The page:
People with cancer who undergo radiation and chemotherapy frequently stop treatments rather than suffer the nausea, pain, and other unpleasant side effects. The effects of inhaled or smoked cannabis and oral THC administration has been studied in more than 35 clinical trials (six of these clinical studies were state sponsored) for the treatment of chemotherapy-induced nausea and vomiting. More than 40 clinical studies have looked at appetite modulation of cannabis and cannabinoids. Years before any state had authorized the medical use of cannabis, a 1991 Harvard Medical School study revealed that nearly half (44%) of U.S. oncologists were already recommending cannabis to their patients as a way of mitigating the side effects of cancer treatments17. In its 1999 review, the Institute of Medicine concluded that cannabis could be a valid alternative for many people living with cancer18. Specifically, the IOM notes, “[i]n patients already experiencing severe nausea or vomiting, pills are generally ineffective, because of the difficulty in swallowing or keeping a pill down, and slow onset of the drug effect19.”

Since the release of the IOM report, new research has been published which supports the use of cannabis to curb the debilitating effects of cancer treatment. In 2001, a review of clinical studies conducted in several states during the past few decades revealed that, in nearly 2,000 individuals with cancer, inhaled cannabis and oral cannabinoids were effective anti-emetics20. Other studies have concluded that the active components in cannabis produce palliative effects in cancer patients by preventing nausea, vomiting, and pain and by stimulating appetite. The tumor-fighting properties of cannabinoids have also been demonstrated in numerous laboratory studies and investigated in a successful Phase I clinical study looking at the safety of THC in patients with recurrent brain cancer. Researchers have observed that “these compounds have been shown to inhibit the growth of tumor cells in culture and animal models by modulating key cell-signaling pathways. Cannabinoids are usually well tolerated, and do not produce the generalized toxic effects of conventional chemotherapies21.”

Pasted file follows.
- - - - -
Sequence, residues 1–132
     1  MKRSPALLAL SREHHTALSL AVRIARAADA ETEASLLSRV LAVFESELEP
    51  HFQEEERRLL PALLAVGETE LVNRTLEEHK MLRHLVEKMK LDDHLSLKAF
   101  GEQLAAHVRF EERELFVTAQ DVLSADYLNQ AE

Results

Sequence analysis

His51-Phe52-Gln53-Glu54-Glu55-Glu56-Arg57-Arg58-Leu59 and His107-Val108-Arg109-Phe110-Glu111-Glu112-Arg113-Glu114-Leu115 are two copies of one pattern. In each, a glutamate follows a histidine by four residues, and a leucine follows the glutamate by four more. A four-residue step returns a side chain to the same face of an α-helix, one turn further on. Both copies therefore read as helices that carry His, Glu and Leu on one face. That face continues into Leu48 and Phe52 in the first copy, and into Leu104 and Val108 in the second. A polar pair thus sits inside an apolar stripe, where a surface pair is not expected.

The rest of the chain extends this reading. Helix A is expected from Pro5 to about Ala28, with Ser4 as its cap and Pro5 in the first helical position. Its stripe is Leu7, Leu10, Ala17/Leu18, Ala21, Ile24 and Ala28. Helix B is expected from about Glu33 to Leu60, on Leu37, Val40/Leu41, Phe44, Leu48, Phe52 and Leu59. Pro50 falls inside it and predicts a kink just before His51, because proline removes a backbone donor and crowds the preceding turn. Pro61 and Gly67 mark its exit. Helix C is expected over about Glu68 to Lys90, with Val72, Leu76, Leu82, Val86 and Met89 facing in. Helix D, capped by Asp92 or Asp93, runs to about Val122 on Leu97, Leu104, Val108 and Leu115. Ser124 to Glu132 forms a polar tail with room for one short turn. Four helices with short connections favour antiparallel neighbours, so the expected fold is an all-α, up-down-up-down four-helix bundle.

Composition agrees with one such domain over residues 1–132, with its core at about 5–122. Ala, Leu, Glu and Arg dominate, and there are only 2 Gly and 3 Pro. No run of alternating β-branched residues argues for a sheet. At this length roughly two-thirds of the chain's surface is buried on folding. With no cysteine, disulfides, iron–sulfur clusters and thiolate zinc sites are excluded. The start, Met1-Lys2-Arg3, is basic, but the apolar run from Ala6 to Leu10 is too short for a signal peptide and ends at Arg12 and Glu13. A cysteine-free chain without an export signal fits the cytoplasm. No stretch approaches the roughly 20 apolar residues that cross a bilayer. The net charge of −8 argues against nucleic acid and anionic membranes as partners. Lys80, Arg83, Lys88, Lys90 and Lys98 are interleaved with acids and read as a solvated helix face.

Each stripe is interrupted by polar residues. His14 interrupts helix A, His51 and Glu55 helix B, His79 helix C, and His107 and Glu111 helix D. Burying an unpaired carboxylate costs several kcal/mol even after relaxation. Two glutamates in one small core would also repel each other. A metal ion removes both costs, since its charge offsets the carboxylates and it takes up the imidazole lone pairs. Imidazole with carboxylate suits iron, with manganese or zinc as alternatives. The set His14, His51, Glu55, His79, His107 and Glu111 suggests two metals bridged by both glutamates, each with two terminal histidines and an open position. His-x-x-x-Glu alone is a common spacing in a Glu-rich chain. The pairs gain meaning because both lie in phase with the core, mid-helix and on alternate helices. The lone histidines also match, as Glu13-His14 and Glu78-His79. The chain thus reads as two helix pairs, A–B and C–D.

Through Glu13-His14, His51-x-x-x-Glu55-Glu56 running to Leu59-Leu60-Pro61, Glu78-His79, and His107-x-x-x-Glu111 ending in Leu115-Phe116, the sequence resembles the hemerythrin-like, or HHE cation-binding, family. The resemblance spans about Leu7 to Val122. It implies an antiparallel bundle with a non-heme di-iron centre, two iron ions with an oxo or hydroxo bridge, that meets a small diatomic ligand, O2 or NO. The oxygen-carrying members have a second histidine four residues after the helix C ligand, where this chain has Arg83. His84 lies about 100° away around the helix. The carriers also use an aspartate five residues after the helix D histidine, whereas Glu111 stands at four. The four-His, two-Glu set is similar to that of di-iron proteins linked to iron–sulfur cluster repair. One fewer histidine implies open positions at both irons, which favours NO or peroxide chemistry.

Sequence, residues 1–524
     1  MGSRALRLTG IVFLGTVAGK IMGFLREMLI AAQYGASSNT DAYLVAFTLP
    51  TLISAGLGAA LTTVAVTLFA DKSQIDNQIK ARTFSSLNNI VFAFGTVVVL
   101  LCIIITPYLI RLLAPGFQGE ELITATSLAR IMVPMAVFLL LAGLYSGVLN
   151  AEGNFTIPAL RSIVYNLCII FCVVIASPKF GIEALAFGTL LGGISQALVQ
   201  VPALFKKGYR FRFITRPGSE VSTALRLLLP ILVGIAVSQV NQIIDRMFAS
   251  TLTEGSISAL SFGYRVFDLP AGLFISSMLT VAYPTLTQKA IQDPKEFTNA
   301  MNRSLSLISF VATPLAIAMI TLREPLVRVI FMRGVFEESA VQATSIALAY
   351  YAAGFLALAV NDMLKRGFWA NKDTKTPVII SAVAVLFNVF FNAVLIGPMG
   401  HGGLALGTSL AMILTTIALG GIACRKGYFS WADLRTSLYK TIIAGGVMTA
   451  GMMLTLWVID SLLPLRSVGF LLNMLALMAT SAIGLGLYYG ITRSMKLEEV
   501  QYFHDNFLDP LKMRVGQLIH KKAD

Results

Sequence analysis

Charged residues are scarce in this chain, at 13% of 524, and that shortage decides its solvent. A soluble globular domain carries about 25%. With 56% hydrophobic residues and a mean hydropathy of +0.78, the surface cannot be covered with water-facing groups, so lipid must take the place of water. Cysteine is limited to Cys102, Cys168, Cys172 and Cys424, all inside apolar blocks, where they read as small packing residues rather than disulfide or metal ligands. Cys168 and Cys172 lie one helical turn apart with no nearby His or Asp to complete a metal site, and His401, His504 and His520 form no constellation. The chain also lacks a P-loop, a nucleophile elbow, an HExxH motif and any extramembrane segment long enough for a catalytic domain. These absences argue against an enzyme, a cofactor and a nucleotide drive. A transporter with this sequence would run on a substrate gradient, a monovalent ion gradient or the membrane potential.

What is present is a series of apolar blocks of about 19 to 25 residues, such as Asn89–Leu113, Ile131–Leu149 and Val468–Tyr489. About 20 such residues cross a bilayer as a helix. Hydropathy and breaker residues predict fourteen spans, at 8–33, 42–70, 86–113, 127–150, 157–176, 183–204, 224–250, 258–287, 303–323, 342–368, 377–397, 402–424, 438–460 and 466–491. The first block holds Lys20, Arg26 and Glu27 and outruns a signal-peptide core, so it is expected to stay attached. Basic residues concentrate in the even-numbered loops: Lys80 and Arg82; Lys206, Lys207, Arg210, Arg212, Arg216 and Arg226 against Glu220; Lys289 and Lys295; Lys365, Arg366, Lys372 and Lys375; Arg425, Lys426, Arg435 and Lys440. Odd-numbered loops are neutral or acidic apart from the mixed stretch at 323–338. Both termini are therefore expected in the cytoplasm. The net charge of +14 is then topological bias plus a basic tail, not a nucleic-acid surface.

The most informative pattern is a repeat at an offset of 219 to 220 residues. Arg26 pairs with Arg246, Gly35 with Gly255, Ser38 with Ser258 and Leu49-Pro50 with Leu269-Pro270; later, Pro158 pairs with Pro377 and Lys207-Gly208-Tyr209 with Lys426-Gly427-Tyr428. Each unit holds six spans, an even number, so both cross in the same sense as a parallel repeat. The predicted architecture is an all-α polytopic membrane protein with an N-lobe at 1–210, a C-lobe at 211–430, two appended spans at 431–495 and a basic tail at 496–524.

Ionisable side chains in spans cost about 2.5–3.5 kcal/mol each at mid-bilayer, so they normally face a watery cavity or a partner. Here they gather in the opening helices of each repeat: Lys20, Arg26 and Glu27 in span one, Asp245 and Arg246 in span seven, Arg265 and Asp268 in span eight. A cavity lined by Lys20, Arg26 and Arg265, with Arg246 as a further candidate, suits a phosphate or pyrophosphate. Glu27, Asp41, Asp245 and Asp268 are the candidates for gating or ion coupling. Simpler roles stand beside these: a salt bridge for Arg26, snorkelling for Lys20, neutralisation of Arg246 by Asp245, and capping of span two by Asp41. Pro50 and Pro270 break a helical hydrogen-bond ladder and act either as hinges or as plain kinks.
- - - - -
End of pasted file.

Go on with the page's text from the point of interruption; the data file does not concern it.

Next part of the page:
Guzmán, M. Cannabinoids: potential anticancer agents. Nature Reviews Cancer 3, 745–755 (2003).